I started producing under my own company, it was called Fresh Music. Fresh Music ran until 2015 until I merged it with some other people I knew and it became the Passionfruit Collective. 

 

AIM: What do you love most about being a teacher? 

KEN: Perhaps the biggest is watching people grow. I remember being a young person, it is very intense and difficult, especially if you want to be good in a creative field. 

 

I like being around people and it is fantastic being around younger people - although we do get a huge range here at AIM. As a human in music and as a professional, I find it fascinating figuring out what helps people learn the things they need.

 

As Sir Ken Robinson said, ‘there can be a lot of teaching going on in a room and very little learning’. To me, the role of the teacher is to make sure that when people leave, they have something useful. It is a very hard thing to do. 

 

Teaching allows me to continually re engage with things I already know in different ways. Every now and then I even learn new things from the students and other teachers. 

 

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AIM: What musical instruments do you play? 

KEN: I started on the guitar and I can now play all kinds of guitars. As a session musician you effectively learn how to fake other stringed instruments. As a producer you kind of grow out of just the playing - I mean playing is wonderful and I am in a hobby band - but I get to play other instruments by writing for them. I have gained the knowledge of what other instruments have to do because as a producer and composer you have to understand what it is like being a person playing whatever instrument.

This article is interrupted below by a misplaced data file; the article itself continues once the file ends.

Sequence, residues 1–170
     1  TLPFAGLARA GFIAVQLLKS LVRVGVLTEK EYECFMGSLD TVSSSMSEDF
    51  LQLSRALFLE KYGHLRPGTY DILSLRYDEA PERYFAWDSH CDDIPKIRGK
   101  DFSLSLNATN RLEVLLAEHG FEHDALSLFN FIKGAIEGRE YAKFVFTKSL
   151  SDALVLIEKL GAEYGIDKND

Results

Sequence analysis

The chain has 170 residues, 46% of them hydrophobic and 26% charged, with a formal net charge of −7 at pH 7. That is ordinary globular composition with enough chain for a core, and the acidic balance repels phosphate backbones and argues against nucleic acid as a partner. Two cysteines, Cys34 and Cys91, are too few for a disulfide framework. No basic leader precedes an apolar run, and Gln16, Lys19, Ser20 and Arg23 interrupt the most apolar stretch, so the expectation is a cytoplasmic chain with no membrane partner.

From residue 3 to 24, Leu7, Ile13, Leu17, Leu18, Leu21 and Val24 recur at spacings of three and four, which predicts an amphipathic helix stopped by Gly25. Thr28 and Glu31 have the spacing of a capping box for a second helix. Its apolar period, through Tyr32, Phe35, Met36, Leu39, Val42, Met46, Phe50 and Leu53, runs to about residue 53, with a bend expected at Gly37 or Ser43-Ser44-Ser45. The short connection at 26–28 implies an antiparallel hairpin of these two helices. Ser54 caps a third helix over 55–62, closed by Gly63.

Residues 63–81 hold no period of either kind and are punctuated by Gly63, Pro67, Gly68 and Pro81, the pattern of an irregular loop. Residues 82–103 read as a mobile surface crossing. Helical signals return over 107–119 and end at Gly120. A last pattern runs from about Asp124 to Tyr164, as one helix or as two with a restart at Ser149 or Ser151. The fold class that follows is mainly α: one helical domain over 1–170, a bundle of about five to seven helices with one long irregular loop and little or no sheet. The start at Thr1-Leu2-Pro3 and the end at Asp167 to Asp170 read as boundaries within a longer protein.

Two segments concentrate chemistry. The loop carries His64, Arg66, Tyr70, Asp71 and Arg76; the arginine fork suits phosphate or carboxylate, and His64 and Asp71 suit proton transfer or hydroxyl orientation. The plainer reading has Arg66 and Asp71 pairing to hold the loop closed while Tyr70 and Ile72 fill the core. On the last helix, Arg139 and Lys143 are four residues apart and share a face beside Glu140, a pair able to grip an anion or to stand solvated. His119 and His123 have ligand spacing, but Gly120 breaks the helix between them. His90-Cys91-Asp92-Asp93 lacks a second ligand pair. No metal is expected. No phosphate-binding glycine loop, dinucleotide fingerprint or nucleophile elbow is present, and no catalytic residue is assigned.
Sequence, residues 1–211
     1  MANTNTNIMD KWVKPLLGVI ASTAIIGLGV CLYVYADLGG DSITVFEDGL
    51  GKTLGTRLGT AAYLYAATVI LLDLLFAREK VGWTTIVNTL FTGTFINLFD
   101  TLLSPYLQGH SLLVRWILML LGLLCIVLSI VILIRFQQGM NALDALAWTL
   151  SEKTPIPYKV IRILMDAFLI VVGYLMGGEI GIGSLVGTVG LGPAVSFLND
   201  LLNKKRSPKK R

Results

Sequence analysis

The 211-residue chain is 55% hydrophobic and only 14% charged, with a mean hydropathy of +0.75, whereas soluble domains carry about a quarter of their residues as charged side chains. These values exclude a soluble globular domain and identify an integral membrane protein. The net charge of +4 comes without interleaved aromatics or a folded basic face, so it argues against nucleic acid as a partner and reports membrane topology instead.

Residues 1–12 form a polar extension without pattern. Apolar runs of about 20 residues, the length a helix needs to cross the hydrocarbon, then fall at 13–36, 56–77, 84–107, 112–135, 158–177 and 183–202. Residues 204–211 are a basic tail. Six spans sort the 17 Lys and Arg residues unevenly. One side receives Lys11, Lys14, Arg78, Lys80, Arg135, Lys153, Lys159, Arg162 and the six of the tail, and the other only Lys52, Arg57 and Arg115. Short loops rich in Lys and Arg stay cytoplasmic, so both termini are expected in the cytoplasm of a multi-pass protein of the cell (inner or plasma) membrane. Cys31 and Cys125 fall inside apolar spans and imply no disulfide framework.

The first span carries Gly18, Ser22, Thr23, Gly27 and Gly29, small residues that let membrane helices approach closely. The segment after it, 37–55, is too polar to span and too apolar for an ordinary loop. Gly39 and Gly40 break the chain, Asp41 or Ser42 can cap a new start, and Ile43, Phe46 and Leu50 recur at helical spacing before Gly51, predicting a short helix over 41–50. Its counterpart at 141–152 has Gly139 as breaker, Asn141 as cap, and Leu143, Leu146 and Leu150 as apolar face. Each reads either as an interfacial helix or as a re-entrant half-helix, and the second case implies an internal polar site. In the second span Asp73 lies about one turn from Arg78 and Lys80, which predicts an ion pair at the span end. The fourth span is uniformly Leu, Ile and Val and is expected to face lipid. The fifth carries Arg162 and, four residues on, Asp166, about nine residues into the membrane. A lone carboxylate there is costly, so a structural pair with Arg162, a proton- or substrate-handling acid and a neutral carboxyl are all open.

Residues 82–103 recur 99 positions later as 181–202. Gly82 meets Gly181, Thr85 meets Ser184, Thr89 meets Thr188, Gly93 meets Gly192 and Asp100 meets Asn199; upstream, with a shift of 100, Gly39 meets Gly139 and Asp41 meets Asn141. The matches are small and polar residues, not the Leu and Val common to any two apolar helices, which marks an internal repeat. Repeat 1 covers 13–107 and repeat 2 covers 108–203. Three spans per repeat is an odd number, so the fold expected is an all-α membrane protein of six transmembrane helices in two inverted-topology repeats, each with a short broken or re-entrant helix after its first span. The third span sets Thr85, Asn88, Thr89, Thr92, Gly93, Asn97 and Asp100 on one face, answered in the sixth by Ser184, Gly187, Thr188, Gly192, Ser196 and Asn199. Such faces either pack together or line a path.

AIM: Tell us a bit about Passionfruit Collective and the work you do there 

KEN: We produce music for clients in mostly advertising but we also do work for documentaries. At the moment I am working on a documentary about a 70’s rock band called The Angels. I have a lot of friends who work in advertising production and television shows so that is where most of my work comes from. 

 

AIM: What have been some of the biggest opportunities in your professional career? 

KEN: I can point to highlight moments or awesome sessions that I’ve had but to be honest no one of them were lift off moments. I see a lot of anxiety among young people about where they will go after they finish their degree but I feel that they should just take the next opportunity that comes up and roll with it. As John Lennon said, ‘life is what happens to you when you’re busy making other plans’. 

 

I could say that picking up a guitar as a 15 year old was the biggest moment in my career. Discovering music was ‘the thing’. 

 

AIM: What skills do aspiring industry professionals need to develop? 

KEN: The ability to get along with other people no matter what they present as. It’s everything. It is why we run ensembles here at AIM, where we can have contemporary students in with music production and arts management. 

 

Look at any aspect of any business, other people are always a factor. It is a bit of a blind spot with the young generation because we have such fantastic tools - particularly music software - you can do more as an individual person but if you run your own business or working in high level professional environment - collaboration is key. 

 

Ensembles are probably one of the most important things AIM does - getting used to collaborating with a safety net where nobody loses a job or someone lets you down. Out in the world I work in, people can lose their job or large clients and that affects their entire career and livelihood. 

If you want to work in the production world, versatility in music making is key. If you are a performer, I think those fundamental skills are the most important. 

 

AIM: Are there any trends in the industry you are really excited for?